Looking to add colorful storage to a laundry or utility room? Emily from Two Purple Couches used her FLEXiO 5000 to transform unfinished oak cabinets into bold, beautiful and functional cabinets in her laundry room.
- Wagner FLEXiO 5000 Paint Sprayer
- Large spray tent or drop cloths
- Fine grit sandpaper
- Painter’s tape
- Paint stir sticks
- Painters’ tripods
- Extension cord
Working with unfinished oak cabinets helps save some prep time since there isn’t an existing stain or finish to strip or sand away. But it’s still a good idea to prep both sides of the cabinet doors, as well as the face frames, by sanding them with a fine grit sandpaper to remove any splinters. Remove the cabinet doors from the frames and prop them up on sets of painters’ tripods while painting.
Select the nozzle you’ll use for painting. The Detail Finish nozzle that comes with the FLEXiO 5000 is the best choice for painting cabinets. When assembling the nozzle, be sure to position the tube for the direction you’ll be working. I was painting in a downward direction, so I pointed the tube forward.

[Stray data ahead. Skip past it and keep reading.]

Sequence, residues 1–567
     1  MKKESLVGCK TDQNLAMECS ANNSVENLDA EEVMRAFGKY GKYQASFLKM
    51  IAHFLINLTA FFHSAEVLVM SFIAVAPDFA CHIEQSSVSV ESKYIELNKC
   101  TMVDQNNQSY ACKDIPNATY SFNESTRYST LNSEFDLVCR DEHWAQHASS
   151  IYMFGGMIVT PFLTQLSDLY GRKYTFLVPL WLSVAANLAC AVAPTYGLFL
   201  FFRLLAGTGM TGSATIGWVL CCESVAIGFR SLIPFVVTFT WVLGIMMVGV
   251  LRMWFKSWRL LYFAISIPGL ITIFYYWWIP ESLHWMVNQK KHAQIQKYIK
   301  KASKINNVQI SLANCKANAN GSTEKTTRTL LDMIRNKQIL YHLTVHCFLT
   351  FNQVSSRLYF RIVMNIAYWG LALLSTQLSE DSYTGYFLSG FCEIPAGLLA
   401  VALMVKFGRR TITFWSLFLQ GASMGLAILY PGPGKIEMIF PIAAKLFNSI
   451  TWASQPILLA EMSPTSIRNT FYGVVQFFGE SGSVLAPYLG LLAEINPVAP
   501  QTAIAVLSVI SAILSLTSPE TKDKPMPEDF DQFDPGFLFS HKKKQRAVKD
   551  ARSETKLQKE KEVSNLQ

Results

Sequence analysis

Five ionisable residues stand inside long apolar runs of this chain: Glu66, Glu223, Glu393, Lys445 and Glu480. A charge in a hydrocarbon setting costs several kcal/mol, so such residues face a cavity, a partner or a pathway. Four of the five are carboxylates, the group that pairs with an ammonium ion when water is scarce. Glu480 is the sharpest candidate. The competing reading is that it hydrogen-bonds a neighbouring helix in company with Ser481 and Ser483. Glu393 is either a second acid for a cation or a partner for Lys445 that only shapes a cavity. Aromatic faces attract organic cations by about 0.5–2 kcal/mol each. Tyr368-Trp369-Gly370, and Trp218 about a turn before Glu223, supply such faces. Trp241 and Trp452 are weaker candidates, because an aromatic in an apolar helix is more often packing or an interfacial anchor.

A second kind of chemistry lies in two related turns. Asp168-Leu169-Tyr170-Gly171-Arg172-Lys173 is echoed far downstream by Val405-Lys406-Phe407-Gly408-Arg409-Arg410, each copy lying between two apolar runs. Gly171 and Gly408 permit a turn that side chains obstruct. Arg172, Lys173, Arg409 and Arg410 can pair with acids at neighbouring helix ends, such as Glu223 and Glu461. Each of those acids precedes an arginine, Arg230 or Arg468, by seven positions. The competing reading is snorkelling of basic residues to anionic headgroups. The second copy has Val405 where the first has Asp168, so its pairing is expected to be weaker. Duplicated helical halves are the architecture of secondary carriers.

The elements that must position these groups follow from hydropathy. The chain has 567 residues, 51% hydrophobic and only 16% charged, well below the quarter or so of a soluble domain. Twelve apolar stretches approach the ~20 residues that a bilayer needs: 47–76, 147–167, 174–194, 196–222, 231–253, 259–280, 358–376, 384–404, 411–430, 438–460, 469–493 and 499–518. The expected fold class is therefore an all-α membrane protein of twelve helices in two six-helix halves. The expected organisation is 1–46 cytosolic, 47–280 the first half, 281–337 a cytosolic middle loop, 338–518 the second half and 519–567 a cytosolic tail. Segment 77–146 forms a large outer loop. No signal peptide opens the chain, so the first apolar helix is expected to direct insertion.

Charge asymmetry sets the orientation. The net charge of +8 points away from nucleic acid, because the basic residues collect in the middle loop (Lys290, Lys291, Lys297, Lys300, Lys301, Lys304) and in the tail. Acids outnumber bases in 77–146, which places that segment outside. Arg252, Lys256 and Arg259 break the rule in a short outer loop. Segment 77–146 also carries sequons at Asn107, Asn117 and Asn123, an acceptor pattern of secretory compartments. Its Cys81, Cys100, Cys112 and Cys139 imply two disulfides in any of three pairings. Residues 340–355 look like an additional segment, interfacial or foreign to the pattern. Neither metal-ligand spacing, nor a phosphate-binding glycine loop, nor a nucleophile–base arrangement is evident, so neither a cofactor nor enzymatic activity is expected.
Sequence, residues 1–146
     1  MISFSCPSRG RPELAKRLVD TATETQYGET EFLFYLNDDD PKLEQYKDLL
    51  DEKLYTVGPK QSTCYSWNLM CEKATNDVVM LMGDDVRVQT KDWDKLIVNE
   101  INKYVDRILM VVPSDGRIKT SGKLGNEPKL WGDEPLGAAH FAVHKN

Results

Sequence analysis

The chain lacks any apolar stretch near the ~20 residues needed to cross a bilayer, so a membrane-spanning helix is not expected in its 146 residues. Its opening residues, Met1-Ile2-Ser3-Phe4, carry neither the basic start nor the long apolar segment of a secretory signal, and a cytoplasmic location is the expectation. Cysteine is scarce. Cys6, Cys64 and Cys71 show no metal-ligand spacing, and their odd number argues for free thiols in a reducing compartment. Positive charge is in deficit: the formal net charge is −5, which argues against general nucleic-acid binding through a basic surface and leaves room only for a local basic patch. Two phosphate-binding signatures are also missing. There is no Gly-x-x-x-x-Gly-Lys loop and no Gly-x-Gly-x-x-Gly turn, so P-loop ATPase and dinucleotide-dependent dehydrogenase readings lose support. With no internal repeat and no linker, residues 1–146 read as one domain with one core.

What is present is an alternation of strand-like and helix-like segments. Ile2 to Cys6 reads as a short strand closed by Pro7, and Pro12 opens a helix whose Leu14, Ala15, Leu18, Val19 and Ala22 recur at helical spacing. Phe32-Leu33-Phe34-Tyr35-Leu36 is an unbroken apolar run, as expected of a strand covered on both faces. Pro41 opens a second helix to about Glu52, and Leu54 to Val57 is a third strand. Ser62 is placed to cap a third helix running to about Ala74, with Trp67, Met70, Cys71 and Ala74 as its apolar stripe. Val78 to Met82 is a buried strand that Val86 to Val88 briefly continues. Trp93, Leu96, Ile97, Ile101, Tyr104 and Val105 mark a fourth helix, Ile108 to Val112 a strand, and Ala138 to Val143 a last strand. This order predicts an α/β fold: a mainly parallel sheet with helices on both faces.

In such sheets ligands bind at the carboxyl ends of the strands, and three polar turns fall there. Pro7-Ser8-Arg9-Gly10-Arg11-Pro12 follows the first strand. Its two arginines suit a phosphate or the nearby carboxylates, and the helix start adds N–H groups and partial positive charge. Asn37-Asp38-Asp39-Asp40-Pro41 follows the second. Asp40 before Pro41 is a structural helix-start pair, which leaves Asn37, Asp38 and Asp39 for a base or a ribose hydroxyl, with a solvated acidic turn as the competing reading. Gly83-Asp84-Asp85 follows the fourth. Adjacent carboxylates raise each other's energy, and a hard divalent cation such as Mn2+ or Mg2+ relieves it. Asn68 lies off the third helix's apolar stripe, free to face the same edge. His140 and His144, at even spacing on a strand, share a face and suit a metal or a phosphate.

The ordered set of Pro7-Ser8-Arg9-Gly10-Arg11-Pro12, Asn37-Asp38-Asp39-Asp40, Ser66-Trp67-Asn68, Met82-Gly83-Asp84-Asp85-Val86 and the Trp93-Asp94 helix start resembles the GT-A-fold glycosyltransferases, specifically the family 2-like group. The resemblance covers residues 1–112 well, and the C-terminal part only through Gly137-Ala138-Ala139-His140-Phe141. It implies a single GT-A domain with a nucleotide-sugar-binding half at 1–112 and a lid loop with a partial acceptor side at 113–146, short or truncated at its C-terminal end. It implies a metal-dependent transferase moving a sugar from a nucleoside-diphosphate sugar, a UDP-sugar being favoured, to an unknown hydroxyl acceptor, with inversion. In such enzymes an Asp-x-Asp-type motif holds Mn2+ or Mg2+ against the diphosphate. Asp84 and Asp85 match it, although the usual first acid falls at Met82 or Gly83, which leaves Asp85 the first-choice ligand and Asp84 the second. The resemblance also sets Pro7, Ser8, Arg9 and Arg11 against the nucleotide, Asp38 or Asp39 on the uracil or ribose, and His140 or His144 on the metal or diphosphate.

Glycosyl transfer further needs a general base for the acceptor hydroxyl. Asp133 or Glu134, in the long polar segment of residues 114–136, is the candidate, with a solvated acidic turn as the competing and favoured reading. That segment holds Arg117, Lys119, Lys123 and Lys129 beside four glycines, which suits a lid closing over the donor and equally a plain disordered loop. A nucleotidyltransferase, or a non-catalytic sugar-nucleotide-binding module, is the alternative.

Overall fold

Then adjust the spray pattern for a vertical or horizontal pattern by turning the air cap ears.
Applying a coat of a water-based primer will help your paint adhere better to unfinished cabinets. Stir primer and pour into the cup. Set the Air Power to 4 and the Material Flow to low to start. Test these settings on scrap wood first, then adjust as needed.
Apply primer to the backs of the cabinet doors, then carefully flip them over on the tripods and apply primer to the fronts. When finished, clean the sprayer thoroughly by flushing it with warm, soapy water per the manual instructions. Remove the nozzle and clean all its parts. Apply a coat of primer to the cabinet face frames using a small paintbrush.
Once the primer coat is fully dry, it’s time to apply the paint. Reassemble the Detail Finish nozzle and adjust the tube direction. Position the air cap ears based on the desired spray pattern. Stir paint and pour into cup.
Set the Air Power to 4 and the Material Flow to low. Test on scrap wood. If the paint goes on too light, dial the Material Flow up; if the paint is heavy and runs, dial it down.
Apply two coats of paint each to the cabinet door backs and fronts, allowing the paint to dry according to the can’s instructions between coats.
When both coats have been applied, clean the sprayer and nozzle parts with warm, soapy water.
Apply a couple coats of paint to the cabinet face frames using a small paintbrush.
When the paint is fully dry, re-attach the cabinet doors to the face frames.
For more details on how to paint cabinets, and learn Emily’s tips for using the FLEXiO 5000, visit Two Purple Couches’ post: How to Paint Cabinets with a Sprayer.